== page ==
Tuesday, February 16, 2016

How publishers can fight ad blocking

Publishers and advertisers have only themselves to blame for the revenue erosion caused by the rise of ad-blocking software. Now, it is up to them to solve the problem. 

That’s the bracing conclusion of a new white paper from the International News Media Association that is being released today.  The paper was written by Johnny Ryan of Page Fair, an Irish company that advises publishers on how to respond to the easy-to-install programs that prevent ads from loading on web and mobile sites. The report is available here for purchase.   

As illustrated below, ad blocking has risen steadily in recent years to nearly 200 million consumers, representing some 6% of global Internet users. Taking note of the acceleration, Ryan urges publishers to band together to address the proliferation of intrusive advertising that has accompanied the growth of the Internet. 

“For the first 20 years of the commercial web, it has been advertisers and ‘ad tech’ for the most part who have made the decisions on advertising,” writes Ryan. “The rise of ad blocking is a rebellion against the legacy of…annoying ads and a system that permits a panoply of advertising technology companies” to capture user data and then trade on the information “without benefit to the publisher.”

The impact of ad blocking falls unevenly on publishers, according to Ryan. While blocking has cannibalized between 25% and 60% of some of the gaming and video sites frequented by tech-savvy Millennial males, Ryan says the revenue loss at mainstream news sites averaged about 10% in 2015.  

The appeal of ad blockers is undeniable: The programs and apps are easily acquired and often free of charge. Once installed, blockers speed page loading (as discussed here in this must-read piece by the New York Times), reduce page clutter and prevent marketers from surreptitiously gathering information about the user.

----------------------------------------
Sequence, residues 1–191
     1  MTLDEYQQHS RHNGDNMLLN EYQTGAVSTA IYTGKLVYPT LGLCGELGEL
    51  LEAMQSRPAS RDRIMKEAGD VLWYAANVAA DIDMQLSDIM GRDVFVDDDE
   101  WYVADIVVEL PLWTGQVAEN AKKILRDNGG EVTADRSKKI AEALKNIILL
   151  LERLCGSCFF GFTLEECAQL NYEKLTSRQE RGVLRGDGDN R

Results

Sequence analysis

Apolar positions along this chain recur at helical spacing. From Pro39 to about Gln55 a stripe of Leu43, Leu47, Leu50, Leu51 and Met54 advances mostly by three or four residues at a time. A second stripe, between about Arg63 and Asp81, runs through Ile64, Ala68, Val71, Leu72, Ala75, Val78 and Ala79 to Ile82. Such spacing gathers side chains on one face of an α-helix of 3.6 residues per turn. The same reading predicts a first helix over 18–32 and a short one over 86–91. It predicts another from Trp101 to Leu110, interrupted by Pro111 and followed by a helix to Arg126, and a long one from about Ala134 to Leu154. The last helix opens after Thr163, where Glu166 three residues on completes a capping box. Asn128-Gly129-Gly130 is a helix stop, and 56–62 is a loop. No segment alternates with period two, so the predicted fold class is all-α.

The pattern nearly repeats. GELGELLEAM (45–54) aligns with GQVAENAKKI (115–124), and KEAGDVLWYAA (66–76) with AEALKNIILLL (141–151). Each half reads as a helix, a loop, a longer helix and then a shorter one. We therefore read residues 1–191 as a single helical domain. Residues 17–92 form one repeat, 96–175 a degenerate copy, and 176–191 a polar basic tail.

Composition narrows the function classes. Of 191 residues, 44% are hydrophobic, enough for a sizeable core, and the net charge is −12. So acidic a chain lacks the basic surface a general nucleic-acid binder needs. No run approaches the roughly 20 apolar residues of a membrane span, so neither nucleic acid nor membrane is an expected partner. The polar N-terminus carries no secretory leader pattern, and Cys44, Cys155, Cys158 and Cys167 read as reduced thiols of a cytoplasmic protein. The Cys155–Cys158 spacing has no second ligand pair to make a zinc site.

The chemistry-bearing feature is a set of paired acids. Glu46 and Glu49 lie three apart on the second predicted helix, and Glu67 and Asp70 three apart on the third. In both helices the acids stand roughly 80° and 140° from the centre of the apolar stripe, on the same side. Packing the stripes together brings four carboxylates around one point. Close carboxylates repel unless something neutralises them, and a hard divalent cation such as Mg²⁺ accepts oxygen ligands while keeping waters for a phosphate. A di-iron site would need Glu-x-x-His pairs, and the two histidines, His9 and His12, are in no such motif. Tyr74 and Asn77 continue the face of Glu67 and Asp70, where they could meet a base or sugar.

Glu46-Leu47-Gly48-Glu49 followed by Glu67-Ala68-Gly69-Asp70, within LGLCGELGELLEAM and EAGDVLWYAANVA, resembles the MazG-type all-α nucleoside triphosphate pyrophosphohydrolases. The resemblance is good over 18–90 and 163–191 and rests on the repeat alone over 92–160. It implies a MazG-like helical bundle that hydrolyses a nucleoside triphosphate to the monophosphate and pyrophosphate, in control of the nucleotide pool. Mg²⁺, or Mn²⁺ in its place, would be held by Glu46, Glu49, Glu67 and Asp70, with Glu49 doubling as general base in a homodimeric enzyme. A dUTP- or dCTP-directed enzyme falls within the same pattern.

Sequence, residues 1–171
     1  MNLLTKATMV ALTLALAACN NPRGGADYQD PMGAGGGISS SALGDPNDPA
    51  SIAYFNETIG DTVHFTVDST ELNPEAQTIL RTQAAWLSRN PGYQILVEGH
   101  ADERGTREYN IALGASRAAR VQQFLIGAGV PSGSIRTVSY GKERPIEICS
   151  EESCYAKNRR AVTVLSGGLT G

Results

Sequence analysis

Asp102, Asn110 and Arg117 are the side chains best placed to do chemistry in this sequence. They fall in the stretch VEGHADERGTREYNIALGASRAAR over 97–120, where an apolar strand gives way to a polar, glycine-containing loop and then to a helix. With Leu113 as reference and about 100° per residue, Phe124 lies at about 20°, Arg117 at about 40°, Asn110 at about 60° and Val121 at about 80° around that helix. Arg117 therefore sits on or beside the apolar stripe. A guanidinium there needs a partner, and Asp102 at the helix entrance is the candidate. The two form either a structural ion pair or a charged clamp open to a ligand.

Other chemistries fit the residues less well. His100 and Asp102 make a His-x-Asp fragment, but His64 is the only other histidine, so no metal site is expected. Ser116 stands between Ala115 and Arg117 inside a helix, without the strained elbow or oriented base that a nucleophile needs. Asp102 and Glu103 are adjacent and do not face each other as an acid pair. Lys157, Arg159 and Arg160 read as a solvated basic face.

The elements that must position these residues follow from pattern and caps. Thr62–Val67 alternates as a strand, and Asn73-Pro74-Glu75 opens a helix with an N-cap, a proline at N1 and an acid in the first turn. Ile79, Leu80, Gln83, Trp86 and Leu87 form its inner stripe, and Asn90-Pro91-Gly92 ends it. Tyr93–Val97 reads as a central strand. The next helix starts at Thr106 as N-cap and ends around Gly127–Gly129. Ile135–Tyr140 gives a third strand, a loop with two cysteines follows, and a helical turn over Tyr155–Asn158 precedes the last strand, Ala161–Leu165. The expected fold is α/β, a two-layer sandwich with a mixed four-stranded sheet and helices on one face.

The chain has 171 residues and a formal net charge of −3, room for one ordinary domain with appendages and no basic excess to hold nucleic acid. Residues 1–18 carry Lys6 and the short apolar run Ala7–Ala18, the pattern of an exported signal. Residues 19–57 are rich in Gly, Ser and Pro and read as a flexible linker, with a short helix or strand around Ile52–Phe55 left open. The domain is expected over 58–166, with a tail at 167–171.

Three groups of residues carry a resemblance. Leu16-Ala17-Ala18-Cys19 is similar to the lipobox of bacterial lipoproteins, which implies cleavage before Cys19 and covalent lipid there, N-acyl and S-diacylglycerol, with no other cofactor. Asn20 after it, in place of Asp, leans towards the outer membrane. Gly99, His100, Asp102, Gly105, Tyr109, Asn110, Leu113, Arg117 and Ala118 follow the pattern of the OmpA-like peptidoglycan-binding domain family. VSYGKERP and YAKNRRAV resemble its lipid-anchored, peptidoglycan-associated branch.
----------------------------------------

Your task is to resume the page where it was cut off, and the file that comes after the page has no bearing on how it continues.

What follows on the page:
Although ad blocking has gained in popularity, Ryan says the adoption to date has been linear, instead of exponential.  “The commentary referring to an ‘adpocalypse’ and so forth,” he says, “is very likely to have overstated the immediacy with which ad blocking will decimate mainstream advertising.”

Nevertheless, he says the problem remains a challenge for revenue-hungry publishers and endangers the open flow of information on the web.   

Arguing that it is impossible for publishers to win any sort of  “cat and mouse” technology battle against ad-blocking companies, Ryan says publishers must take the lead in setting the standard” for what he calls Advertising 2.0.

“The industry must move towards a model that does not allow third parties to snoop on users’ data, that uses high-quality and respectful advertising, and that respects the user in order to support the publisher,” says Ryan. “As an industry, we have one chance to redefine how advertising works and save the mechanism of advertising that supports editorial content on the open web.”


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